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From Pokémon Red to Pokémon Go, How Nintendo's Video Game Franchise Captured the Experience of Leaving Home - The Atlantic
The original Pokémon (first released for the Game Boy in 1996) is a bildungsroman, or coming-of-age-story, disguised as a bug-collecting challenge.

It works because it captures the original game’s spirit of exploration, even if its players said goodbye to their childhood home years ago.

The way Tajiri describes his childhood in that interview alludes to the game’s bildungsroman quality, that of a child learning about the world around him by physically grappling with it. “If I put my hand in the river, I would get a crayfish. If there was a stick over a hole, it would create an air bubble and I'd find insects there,” he said. “In Japan, a lot of kids like to go out and catch beetles by putting honey on a piece of tree bark. My idea was to put a stone under a tree, because they slept during the day and like sleeping under stones. So in the morning I'd go pick up the stone and find them. Tiny discoveries like that made me excited.”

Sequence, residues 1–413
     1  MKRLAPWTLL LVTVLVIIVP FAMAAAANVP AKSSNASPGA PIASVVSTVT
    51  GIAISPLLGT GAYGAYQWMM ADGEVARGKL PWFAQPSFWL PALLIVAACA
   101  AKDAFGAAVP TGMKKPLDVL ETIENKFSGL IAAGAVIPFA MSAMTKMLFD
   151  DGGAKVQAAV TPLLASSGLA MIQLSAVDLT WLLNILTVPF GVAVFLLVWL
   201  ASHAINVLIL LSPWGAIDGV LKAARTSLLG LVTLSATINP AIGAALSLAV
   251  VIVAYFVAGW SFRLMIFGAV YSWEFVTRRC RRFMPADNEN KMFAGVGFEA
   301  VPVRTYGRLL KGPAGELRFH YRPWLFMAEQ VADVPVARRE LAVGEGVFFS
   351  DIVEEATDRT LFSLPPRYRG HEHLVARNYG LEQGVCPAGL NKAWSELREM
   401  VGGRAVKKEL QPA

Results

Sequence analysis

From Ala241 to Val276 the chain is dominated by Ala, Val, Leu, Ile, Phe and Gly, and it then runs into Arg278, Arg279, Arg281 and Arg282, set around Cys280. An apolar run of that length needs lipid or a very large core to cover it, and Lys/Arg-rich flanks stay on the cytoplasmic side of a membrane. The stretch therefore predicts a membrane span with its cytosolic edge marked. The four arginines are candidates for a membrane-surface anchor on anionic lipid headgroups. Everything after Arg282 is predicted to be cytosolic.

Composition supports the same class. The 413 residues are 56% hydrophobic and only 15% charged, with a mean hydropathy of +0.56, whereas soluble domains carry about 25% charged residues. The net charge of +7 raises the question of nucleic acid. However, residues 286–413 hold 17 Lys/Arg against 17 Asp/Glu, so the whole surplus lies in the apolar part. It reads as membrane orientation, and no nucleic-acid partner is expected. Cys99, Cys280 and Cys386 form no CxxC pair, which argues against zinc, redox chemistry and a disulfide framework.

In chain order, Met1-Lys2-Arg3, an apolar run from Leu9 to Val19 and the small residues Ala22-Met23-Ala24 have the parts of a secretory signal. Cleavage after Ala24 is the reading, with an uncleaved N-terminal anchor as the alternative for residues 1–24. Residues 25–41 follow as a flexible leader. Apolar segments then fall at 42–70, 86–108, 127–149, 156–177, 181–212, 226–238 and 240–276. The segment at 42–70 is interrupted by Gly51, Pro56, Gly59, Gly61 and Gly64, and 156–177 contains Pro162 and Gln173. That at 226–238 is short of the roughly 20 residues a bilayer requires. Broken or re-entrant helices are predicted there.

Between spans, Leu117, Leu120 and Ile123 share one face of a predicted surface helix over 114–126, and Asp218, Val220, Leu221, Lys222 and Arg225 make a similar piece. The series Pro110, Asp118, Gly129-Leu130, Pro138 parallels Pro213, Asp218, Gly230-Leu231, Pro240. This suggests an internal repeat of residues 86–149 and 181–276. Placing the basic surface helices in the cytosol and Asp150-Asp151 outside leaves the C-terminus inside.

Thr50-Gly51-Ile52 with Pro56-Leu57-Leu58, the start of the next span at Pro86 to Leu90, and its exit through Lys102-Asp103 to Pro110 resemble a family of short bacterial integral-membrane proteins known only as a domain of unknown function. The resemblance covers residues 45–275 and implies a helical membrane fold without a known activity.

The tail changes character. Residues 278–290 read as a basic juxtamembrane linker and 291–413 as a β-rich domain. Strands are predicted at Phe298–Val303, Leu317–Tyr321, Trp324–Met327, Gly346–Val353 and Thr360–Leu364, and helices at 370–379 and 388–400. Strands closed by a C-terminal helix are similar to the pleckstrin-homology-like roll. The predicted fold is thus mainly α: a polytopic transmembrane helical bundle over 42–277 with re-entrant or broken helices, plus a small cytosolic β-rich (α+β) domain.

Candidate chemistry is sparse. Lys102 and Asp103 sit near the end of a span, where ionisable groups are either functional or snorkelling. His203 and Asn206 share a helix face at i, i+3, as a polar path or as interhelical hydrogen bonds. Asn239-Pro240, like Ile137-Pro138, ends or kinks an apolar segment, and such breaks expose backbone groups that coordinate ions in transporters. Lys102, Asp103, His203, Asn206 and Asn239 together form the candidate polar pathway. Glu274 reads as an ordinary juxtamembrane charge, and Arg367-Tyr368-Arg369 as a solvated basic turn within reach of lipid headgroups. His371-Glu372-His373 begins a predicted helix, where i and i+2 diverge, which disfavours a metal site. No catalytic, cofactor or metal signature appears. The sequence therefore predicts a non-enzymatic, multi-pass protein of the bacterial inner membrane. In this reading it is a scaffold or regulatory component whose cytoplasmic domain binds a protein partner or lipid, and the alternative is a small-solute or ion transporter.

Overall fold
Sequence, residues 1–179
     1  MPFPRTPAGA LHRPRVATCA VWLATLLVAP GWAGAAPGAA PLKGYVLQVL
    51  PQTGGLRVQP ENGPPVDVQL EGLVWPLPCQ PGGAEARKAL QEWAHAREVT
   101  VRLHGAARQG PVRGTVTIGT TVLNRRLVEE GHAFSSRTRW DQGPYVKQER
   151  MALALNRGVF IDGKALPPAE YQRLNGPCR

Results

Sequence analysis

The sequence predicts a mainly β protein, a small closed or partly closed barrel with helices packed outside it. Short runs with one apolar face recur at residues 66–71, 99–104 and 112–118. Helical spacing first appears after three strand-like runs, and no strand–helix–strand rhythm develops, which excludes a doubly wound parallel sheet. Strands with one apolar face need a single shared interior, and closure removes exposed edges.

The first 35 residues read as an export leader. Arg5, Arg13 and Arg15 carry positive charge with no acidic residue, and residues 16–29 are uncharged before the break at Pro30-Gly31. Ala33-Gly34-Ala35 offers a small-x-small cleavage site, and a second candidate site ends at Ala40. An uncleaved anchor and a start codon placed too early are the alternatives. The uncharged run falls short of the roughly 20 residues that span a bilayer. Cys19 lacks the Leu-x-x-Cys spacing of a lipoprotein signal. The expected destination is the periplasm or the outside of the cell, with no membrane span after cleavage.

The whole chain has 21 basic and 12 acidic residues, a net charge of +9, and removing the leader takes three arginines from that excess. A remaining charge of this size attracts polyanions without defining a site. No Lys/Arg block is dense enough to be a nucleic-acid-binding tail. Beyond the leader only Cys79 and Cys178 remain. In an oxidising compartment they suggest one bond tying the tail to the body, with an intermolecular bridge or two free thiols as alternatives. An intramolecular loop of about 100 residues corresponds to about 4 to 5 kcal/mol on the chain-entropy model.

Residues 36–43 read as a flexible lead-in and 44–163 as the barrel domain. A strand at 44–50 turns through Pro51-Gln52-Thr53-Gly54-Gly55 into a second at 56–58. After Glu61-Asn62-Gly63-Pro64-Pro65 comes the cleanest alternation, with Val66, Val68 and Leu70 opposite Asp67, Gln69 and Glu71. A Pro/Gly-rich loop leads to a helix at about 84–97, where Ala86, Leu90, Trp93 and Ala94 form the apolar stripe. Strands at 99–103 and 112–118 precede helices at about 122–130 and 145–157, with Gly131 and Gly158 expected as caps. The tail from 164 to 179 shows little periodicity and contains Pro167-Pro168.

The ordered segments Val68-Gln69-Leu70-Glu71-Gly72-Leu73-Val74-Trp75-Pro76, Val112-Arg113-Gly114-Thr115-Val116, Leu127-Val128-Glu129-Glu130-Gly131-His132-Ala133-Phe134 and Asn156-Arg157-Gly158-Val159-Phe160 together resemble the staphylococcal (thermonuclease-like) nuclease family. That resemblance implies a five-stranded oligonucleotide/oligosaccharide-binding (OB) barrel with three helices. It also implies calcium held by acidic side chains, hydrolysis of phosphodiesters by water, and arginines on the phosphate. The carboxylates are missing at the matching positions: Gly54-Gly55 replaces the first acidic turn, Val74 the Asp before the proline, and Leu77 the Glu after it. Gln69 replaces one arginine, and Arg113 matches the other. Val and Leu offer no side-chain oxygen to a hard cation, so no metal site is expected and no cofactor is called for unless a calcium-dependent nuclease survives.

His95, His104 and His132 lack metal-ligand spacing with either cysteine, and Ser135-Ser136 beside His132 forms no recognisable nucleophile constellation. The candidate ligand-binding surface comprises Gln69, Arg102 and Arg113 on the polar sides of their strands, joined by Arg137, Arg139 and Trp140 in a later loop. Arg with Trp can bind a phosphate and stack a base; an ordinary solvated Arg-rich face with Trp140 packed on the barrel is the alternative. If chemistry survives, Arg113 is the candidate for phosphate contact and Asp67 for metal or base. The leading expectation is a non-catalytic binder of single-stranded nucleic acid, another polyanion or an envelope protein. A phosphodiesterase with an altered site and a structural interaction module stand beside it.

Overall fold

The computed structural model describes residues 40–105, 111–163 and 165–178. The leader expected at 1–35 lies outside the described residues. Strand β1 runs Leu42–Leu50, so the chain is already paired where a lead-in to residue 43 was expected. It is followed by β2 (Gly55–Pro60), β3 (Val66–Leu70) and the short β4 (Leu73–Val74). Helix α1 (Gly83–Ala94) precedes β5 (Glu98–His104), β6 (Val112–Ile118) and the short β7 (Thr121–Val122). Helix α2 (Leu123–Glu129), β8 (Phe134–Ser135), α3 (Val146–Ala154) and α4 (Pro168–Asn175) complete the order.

it’s still managed to turn its fans into a nation of Dr. Bugs, even if we aren’t turning over stones or baiting trees with honey. At its best, it can evoke a little wonder in the mundane world around us—or force us to realize the world we live in was never mundane in the first place.
game  children  iOS  animal  insect  discovery  nature  nostalgia  city  essay  neighborhood 
july 2016 by aries1988

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